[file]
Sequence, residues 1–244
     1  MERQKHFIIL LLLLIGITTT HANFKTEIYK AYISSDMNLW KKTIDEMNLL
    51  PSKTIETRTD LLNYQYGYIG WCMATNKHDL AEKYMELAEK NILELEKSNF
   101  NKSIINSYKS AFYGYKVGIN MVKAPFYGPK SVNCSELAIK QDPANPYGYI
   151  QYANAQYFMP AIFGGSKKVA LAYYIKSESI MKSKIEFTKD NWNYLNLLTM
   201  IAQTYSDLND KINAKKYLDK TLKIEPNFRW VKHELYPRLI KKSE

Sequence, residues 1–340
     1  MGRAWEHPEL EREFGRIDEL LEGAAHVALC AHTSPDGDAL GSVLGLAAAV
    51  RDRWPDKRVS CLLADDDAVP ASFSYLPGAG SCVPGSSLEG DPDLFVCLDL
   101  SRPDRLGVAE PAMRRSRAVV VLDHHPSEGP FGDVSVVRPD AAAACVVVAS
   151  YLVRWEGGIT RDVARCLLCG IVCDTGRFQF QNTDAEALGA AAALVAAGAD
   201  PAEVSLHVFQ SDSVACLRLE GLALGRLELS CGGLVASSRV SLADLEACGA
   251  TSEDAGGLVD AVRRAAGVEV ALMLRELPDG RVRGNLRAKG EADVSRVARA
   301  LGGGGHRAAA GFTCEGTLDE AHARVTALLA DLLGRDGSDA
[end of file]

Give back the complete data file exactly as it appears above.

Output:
Sequence, residues 1–244
     1  MERQKHFIIL LLLLIGITTT HANFKTEIYK AYISSDMNLW KKTIDEMNLL
    51  PSKTIETRTD LLNYQYGYIG WCMATNKHDL AEKYMELAEK NILELEKSNF
   101  NKSIINSYKS AFYGYKVGIN MVKAPFYGPK SVNCSELAIK QDPANPYGYI
   151  QYANAQYFMP AIFGGSKKVA LAYYIKSESI MKSKIEFTKD NWNYLNLLTM
   201  IAQTYSDLND KINAKKYLDK TLKIEPNFRW VKHELYPRLI KKSE

Sequence, residues 1–340
     1  MGRAWEHPEL EREFGRIDEL LEGAAHVALC AHTSPDGDAL GSVLGLAAAV
    51  RDRWPDKRVS CLLADDDAVP ASFSYLPGAG SCVPGSSLEG DPDLFVCLDL
   101  SRPDRLGVAE PAMRRSRAVV VLDHHPSEGP FGDVSVVRPD AAAACVVVAS
   151  YLVRWEGGIT RDVARCLLCG IVCDTGRFQF QNTDAEALGA AAALVAAGAD
   201  PAEVSLHVFQ SDSVACLRLE GLALGRLELS CGGLVASSRV SLADLEACGA
   251  TSEDAGGLVD AVRRAAGVEV ALMLRELPDG RVRGNLRAKG EADVSRVARA
   301  LGGGGHRAAA GFTCEGTLDE AHARVTALLA DLLGRDGSDA